October 19, 2017
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Dunkley talks about his arrest, changes in Burma

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In this file photo, Ross Dunkley, the Australian journalist, stands outside a courtroom in Rangoon. Photo: Mizzima
The Australian publisher of The Myanmar Times, Ross Dunkley, was interviewed last week about the political changes ...

(Mizzima) – The Australian publisher of The Myanmar Times, Ross Dunkley, was interviewed last week about the political changes in Burma and his role now on the English-language newspaper.

“I’m back to normal” as editor of the newspaper, Dunkley told the Australian Broadcasting Corporation in a wide-ranging interview.

Dunkley, who has worked in Burma for 10 years, said he was appealing one minor conviction and an immigration violation.

Rumours circulated widely that the publisher was “set up” by someone in government regarding incidents between him and a Burmese woman.

“Oh, look, there's many different rumours that float around about that,” he said, “but there can be no doubt that someone was trying to interfere in the process. I think it's too much of a coincidence to assume otherwise.”

Dunkley told the broadcasting service that he was not a saint and because of his position, he lived his life in a semi-public way “out in the open. So I guess you get warts and all.” Dunkley is the subject of an ABC documentary “Dancing with Dictators.”

“I mean, I knew from a long time ago, well before I was arrested, that there were people out to get me,” he said. “There was no doubt about that. I saw that coming.” He said earlier he had received a letter from a government minister that said he was no longer trustworthy.

He said 47 days in Insein Prison wasn’t too harsh, and because he was well known many people looked after him, but the prison was overcrowded.

“In my cell block there's - there were nine rooms, each room about 110 people, so that's more than 1,000 people per block. I think that you've probably got no more than, you know, a couple of square metres, enough to lie down with your bedding at night time and otherwise you're pretty crowded up together in what is fairly hot circumstances.”

A founder of the Myanmar Times, Dunkley was accused of violating the Immigration Act and assaulting a woman. He was arrested on February 10, 2011.

His high-profile case attracted worldwide interest in the media community. Dunkley is also the publisher of the The Phnom Penh Post, and prior to working in Burma worked in journalism in Hanoi.

Originally from Perth, Australia, Dunkley was the first foreigner to enter the Burmese domestic newspaper market in 2000 when he joined forces with Sonny Shwe, the son of a close ally of then military intelligence chief and junta prime minister, Khin Nyunt. Less than a year after Khin Nyunt’s purging from the military junta, Sonny Shwe was arrested and new Burmese co-owners took over his stake in the paper. The publisher of the Myanmar Times is Dr Tin Tun Oo.

Dunkley told ABC that coming to Burma and working under the military junta was “a lot more smoother than I anticipated it to be.” He began working in Burma, he said, without kowtowing to the government, but he had to follow their rules “to get in the playing field.”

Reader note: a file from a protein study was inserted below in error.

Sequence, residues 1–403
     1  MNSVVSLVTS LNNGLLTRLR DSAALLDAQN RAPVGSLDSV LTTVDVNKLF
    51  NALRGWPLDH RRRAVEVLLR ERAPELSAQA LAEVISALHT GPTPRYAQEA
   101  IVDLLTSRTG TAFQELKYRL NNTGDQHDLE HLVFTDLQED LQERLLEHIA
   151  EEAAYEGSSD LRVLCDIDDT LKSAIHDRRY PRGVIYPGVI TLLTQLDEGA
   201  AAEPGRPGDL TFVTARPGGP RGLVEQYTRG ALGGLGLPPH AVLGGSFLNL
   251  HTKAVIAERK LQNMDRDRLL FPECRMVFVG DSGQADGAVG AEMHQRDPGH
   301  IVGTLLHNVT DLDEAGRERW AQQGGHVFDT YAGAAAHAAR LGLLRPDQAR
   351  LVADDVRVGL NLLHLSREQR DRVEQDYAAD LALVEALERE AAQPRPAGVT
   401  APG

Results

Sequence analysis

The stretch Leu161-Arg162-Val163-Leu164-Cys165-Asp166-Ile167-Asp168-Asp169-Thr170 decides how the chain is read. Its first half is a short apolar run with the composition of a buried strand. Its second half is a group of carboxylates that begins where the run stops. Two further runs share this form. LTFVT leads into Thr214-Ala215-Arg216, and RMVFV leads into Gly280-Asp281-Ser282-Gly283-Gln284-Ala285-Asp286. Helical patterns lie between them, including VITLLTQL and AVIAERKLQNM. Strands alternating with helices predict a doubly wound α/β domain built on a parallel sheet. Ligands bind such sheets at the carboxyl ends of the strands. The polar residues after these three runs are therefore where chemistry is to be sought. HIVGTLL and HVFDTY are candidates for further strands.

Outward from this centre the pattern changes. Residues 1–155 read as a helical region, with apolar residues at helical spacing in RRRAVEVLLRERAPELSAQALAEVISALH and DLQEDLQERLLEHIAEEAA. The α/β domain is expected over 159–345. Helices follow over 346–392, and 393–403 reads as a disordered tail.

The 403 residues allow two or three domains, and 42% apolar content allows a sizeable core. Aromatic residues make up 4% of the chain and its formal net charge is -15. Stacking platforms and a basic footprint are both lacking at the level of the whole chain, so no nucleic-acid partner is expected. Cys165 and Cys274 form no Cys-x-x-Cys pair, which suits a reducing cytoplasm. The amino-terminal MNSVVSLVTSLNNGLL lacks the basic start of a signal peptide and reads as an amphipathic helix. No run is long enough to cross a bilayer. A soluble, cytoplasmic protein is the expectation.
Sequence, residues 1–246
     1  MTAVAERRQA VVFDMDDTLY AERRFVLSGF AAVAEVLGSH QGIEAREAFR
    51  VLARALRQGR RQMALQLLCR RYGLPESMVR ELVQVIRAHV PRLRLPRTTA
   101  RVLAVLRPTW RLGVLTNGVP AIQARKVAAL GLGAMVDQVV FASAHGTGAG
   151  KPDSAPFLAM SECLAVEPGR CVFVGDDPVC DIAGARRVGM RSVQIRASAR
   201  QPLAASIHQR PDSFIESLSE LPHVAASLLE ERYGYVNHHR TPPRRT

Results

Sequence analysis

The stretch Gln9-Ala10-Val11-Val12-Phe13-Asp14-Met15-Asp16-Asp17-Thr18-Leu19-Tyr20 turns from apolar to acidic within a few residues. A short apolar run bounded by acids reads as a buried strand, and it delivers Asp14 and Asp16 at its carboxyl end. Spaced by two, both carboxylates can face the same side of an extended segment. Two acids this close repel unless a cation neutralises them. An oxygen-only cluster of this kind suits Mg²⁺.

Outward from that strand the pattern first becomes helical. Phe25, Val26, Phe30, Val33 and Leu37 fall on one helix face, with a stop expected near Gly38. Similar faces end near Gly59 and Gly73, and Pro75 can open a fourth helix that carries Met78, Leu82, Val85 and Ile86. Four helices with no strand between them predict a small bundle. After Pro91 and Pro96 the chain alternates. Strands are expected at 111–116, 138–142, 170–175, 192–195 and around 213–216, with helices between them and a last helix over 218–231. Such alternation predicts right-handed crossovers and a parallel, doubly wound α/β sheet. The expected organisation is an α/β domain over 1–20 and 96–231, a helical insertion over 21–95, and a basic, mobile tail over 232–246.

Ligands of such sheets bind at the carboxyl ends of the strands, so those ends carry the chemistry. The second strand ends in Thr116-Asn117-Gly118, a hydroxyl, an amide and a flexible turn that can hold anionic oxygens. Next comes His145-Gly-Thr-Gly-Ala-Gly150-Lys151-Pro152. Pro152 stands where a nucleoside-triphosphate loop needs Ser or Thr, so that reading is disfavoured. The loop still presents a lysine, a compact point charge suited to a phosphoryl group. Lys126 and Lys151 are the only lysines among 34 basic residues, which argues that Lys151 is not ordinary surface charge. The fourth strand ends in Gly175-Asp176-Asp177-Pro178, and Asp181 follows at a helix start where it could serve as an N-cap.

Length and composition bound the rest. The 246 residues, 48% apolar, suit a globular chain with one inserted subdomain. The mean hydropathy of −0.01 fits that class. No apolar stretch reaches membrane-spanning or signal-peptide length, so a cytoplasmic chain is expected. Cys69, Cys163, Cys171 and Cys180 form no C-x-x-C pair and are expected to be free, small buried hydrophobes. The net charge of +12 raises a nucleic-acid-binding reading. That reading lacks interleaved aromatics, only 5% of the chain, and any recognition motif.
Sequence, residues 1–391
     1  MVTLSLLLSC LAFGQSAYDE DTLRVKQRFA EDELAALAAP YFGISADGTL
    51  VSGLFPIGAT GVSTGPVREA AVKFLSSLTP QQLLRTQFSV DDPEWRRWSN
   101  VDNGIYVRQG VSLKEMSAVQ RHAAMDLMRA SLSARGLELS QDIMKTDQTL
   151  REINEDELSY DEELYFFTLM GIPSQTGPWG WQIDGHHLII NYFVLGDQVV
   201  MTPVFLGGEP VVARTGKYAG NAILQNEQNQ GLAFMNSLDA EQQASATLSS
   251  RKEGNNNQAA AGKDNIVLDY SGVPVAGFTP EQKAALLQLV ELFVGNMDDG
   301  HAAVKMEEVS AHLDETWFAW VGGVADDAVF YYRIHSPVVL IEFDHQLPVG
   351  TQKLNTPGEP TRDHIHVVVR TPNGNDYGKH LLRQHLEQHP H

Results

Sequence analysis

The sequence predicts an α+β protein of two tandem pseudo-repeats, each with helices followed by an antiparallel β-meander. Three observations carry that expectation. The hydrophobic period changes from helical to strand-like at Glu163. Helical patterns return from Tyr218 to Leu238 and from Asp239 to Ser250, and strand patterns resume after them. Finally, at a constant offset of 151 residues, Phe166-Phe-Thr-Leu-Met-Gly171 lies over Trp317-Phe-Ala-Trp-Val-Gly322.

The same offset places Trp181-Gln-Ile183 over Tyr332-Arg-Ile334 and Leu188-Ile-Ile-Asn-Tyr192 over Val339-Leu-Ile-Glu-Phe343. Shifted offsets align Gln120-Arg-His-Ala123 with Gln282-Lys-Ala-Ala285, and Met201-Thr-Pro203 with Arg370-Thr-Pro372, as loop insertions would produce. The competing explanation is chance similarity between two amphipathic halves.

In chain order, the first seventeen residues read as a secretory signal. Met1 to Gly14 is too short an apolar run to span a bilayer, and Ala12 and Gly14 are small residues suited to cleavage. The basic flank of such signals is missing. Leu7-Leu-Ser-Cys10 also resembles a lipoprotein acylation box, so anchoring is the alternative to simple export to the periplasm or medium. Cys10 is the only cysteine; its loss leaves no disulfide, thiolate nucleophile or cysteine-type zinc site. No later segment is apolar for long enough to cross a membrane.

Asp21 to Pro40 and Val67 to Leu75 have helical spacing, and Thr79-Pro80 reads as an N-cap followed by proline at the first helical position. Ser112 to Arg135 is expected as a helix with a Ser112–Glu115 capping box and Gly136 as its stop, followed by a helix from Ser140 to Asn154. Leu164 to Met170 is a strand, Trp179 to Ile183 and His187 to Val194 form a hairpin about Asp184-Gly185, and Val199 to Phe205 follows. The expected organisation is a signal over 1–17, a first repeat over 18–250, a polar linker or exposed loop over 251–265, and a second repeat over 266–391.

“I think you have to be there at the very minimum to be able to institute change,” he told the ABC interviewer.

He strongly defended his newspaper staff, rebutting people who said he had no chance working under Burma’s tight censorship rules prior to publication. They said, "’Oh, you had no chance with them because they had the red pen out at all times.’ Well, maybe sometimes the red pen was put away on occasions when perhaps it should have been out, and I think that that was the ability of our staff to push the envelope forward and to train people about the role of media.

“We've always attempted to tell the truth and we've always told the story as we see it and the censors cut it. We don't alter our copy or alter our articles because of the censor. We only write as we see it and then if the red pen comes out, it has to run like that,” he told the interviewer.

Progress may be “only incremental and it's only a little bit, but every time you do it, you - it's a small victory for you. That's not to say that it doesn't hurt every time someone cuts the red - puts the red pen and crosses out the story. It's like a knife in your guts. That feeling doesn't go away.”

He said he never had close ties with government officials.

“I mean, I had no friendships inside the government at all. So, I operated almost completely independently,” he said.

Regarding people who believe that the recent democratic changes in Burma are a well-crafted tactic that will lead to continued control by former generals, Dunkley said the current changes are continued steps in a process that has been underway for a long time.

“The fact is that this is their country, they've made a decision to move in this direction, and it wasn't an instant decision,” he said. “It was - these motions were put in place a long, long time ago. There was a seven-step road to democracy going back six or seven years. This is no surprise.

“It always was going to move that way. It's just that the suddenness of the change, the rapidity of the change and the breadth of the change is what has surprised a lot of people.”

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